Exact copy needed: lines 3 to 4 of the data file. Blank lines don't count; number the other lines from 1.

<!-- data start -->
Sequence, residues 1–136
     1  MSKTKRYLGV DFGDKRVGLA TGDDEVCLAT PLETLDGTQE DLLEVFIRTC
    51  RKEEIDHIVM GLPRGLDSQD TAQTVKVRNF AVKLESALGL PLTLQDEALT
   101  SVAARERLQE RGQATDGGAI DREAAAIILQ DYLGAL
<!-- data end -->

    51  RKEEIDHIVM GLPRGLDSQD TAQTVKVRNF AVKLESALGL PLTLQDEALT
   101  SVAARERLQE RGQATDGGAI DREAAAIILQ DYLGAL